Newspaper Page Text
THE.KOCK ISLAXD ARGUS, MONDAY, JULY 25, 1010.
Published Daily and Weekly at 102
Eecond avenue. Rock Island. 111. t En
ured at the posiofllee as second-clas
BY THE J. W. POTTER CO.
TERMS. Dally. 10 cent per week.
Weekly, i per year in advance.
All communications of argumentative
rharacter. political or religious, must
liave real name attached for publica
tion. No such articles' will be printed
over fictitious signatures.
Correspondence solicited from rer7
township in Rock Island county.
COUNCIL ;3 5
Monday, July 25, 19C10.
Chicago has Inaugurated a crusade
against the distribution of handbills.
Good move. Let us hope it will spread.
Speaker Cannon's appeals for party
regularity are vigorously seconded by
privilege. The trusts are cheering him
to the echo.
Senator Cummins continues to re
iterate that the course of the republi
can party during the last congress was
not in harmony with party pledges or
the interests and welfare of the people.
Secretary Knox of the state depart
ment is quietly cooling himself at Val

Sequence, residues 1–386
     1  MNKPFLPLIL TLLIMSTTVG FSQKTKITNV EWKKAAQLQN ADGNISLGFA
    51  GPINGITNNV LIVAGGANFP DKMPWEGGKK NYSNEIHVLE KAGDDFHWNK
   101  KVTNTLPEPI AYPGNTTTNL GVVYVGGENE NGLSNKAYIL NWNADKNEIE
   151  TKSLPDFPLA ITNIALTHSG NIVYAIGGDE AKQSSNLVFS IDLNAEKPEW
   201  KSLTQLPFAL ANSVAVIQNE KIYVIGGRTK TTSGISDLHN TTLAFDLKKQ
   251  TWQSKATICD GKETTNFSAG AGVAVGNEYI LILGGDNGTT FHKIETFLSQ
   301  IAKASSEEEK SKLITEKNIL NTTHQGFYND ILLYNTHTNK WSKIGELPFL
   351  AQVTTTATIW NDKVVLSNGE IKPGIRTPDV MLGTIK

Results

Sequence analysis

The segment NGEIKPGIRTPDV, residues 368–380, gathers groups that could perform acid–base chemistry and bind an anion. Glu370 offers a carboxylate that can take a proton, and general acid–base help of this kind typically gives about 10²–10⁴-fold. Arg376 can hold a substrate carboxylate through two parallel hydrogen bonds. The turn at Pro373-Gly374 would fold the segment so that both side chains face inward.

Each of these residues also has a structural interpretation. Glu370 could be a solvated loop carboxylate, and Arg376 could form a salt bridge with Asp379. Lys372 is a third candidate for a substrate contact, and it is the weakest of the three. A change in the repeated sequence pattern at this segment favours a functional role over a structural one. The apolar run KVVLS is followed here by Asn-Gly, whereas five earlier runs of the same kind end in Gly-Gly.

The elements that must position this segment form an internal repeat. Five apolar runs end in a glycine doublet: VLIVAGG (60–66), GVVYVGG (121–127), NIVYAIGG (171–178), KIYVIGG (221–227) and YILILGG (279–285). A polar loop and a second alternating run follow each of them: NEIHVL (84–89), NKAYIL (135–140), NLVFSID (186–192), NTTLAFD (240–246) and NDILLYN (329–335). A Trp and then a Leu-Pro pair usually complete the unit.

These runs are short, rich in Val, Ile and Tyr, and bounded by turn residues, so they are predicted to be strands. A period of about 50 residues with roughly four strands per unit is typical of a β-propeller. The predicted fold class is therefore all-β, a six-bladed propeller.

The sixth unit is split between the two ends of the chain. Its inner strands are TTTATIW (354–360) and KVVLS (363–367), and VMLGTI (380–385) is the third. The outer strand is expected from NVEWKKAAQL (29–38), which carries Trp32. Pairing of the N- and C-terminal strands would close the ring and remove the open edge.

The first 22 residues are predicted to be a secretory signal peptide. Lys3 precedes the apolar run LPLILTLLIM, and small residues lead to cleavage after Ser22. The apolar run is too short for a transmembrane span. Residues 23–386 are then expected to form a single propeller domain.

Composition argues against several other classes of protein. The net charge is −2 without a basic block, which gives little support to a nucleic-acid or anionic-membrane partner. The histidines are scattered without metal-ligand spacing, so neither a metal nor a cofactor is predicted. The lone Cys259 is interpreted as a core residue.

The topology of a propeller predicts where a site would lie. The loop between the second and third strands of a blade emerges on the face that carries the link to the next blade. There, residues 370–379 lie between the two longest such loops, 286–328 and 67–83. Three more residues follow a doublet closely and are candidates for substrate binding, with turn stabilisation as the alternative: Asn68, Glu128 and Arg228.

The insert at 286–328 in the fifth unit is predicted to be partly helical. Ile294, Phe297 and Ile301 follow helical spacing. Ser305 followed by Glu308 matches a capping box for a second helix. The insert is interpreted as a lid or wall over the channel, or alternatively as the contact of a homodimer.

ley Forge, Pa., while Japan, Russia,
Germany and Nicaragua are showing
unusual activities in their own state
The government of the United
States, so far as the executive depart
ment is concerned, with the president
and every member of the cabinet away
from Washington and three of them
abroad, is practically out of business
or at least running itself.
The governor of Colorado has called
the legislature In extra session for
Aug. 9 to consider legislation for the
initiative and referendum, the Austra
lian ballot, direct primaries, guaranty
of bank deposits, a public service com
mission and a railway commission.
Evidently the corporations have slipped
their hold on the governor's office, the
incumbent of which is a real progres
sive. The latest thing in steamships Is a